Grade Level

9-10, 11-12


6-8 weeks total, meeting 3 periods a week (one short block 40 minutes and two long blocks 85 minutes)


toned pastel/charcoal paper (finished size 12×18 or 16×20), chalk pastels Rembrandt (Amazon link) or Prismacolor NuPastel (Amazon link), fixative


Chalk pastels

Lesson Objectives

The student will…
Learn about proportion in relation to facial features and apply the knowledge in creating a self-portrait.
The student will learn the process of using the grid technique to capture accurate proportions from a photograph.
The student will learn how to use chalk pastels.

Introductory Activity

The first step in creating this pastel portrait is to learn and practice drawing the human head with correct proportions from the front, side, 3/4 views, and extreme angles. Use the videos linked in the resources for students to follow. The videos allow them to stop and rewatch at their own pace. Next, they learn the correct position of each feature and how to draw the features – eyes, mouth nose, ears, and hair. Again, see videos that can be used in the resource section. Students must fill up a page with at least 3 different angles of each feature.

The next step is for students to take reference photos. Use the Composition Presentation for Pastel Portrait to show students the best compositional techniques for successful photographs. In developing their own portraits the students are asked to create a self-portrait that conveys a story or message about themselves through the use of emotion/facial expression and composition, so must pose with that in mind. Encourage students to experiment with colored lighting (colored cellophane over flashlights or colored Christmas lights). Have students take turns holding lights while others use digital cameras (phone cameras if allowed) to take photos of each other. We purposely photographed with colored cellophane over flashlights so kids didn’t feel weird about matching skin tones and it made it more fun and engaging.

For this teacher, the preparation for the chalk pastel portraits took about 4 weeks.

Lesson Process

When selecting their photo, the student must keep in mind the final portrait should use the chiaroscuro technique with colored lighting. The portrait must use one or more of the composition techniques covered (rule of thirds, textured background, filling the frame, shallow depth of field, providing direction, leading lines, framing, different angle/perspective, the contrast of color, and rule of space). Their Image needs to fill their paper.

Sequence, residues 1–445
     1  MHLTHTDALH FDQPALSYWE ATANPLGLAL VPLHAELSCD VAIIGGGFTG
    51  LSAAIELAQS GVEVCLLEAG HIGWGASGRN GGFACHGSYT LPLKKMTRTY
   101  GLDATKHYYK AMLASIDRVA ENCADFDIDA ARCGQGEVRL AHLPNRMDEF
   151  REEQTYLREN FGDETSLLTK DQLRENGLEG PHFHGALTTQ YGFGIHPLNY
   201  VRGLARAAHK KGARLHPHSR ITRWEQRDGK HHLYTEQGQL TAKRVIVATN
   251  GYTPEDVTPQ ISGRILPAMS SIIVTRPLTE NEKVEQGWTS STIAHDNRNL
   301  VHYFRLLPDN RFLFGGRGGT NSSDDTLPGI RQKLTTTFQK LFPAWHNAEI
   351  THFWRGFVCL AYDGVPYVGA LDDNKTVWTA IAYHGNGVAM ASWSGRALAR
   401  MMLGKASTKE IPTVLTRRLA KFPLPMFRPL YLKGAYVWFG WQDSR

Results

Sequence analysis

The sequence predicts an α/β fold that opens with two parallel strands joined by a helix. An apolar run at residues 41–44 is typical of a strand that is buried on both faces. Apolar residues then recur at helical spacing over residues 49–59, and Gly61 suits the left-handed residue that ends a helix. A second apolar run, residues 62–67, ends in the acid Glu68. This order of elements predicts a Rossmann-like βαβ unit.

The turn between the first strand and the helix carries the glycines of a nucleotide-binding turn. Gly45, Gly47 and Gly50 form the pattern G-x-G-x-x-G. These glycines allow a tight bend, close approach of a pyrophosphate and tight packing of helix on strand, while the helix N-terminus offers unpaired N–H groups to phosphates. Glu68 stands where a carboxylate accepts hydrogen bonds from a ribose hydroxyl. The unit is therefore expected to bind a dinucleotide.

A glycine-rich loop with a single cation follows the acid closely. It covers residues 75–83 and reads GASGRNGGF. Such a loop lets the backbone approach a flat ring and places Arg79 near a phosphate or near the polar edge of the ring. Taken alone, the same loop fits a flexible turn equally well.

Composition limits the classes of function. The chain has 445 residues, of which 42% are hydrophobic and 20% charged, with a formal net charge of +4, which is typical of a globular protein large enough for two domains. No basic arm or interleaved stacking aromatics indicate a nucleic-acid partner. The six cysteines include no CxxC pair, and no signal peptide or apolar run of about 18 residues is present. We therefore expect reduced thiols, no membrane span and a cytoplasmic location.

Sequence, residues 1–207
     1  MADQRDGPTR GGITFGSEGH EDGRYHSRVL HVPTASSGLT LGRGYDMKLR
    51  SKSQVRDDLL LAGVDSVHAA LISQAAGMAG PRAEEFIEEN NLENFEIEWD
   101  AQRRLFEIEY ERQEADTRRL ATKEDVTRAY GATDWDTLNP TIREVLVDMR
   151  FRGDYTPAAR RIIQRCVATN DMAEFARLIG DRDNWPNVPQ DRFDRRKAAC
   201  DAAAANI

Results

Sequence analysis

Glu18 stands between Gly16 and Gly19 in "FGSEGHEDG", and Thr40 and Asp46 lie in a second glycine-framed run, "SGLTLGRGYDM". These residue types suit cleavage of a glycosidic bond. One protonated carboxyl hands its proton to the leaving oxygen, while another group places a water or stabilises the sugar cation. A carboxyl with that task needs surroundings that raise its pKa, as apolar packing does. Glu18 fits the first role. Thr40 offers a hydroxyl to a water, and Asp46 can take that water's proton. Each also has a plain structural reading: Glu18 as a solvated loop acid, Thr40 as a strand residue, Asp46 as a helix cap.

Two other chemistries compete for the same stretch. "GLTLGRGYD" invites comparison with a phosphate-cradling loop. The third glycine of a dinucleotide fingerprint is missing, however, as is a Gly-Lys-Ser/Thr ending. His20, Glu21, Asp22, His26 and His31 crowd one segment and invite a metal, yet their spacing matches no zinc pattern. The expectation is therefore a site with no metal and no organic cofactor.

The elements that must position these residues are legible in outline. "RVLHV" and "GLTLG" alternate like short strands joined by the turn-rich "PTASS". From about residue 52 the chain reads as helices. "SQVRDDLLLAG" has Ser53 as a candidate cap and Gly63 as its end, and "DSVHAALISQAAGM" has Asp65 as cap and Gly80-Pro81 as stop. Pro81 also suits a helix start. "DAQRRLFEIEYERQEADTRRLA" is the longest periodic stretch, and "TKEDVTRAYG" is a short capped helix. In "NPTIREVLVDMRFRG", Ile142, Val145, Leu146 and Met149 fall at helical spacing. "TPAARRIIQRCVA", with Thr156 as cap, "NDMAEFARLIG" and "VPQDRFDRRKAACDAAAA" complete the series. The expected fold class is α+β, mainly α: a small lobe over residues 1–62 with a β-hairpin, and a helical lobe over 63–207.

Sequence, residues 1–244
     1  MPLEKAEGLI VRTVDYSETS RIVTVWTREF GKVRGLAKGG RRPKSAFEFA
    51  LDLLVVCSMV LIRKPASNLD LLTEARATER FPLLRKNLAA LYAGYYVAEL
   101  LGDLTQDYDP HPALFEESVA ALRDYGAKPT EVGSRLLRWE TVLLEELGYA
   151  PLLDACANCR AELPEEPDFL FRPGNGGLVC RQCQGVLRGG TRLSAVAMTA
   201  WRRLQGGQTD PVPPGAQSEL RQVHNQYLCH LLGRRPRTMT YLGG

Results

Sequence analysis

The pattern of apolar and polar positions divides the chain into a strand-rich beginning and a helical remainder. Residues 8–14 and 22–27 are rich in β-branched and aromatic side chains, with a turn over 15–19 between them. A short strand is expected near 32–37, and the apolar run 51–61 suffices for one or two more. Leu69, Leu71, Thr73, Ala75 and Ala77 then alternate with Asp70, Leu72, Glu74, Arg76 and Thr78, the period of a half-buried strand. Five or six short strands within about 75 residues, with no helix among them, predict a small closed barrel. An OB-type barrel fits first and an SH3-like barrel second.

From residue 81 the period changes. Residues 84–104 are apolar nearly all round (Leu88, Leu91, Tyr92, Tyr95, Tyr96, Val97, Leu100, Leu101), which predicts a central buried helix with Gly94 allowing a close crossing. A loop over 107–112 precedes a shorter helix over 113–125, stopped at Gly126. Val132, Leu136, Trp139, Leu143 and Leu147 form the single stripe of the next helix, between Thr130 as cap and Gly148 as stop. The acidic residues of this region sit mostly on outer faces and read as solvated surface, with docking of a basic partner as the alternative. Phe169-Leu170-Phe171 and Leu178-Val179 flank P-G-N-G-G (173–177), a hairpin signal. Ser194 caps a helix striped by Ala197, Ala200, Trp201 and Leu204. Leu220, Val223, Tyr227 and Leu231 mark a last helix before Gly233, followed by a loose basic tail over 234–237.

When the student has selected their best image, print the photos and the students can use a cut window box (made from tag board) to tape over the print to figure out the composition/crop further. The windows were cut at 6×9 or 8×10 giving the student the option of a 12×18 or 16×20 enlarged portrait. Students placed the photos in a plastic sleeve and used a marker to create a grid on the plastic with one-inch spaced grid lines. Students then lightly gridded their final sheets in two-inch increments (so photos are enlarged 2x).

The students used pastels while learning the proportion of the face to start acquainting themselves with the media. Students will learn how to blend from light and dark and from one color to another to show chiaroscuro (the use of strong contrasts between light and dark, usually bold contrasts affecting a whole composition. It is also a technical term used by artists and art historians for the use of contrasts of light to achieve a sense of volume in modeling three-dimensional objects and figures. – From Wikipedia)

*Optional: remove the background and replace it with a unique pattern.


portrait, blending, chiaroscuro, volume, proportion, form


Drawing the head/front view video
Drawing the head/side view video
Drawing the head, Loomis method for 3/4 view video
Drawing the head, Extreme angles video
How to use chalk (also called soft) pastels

Author & Website/Blog

Lisa Guiseppe

Supporting Images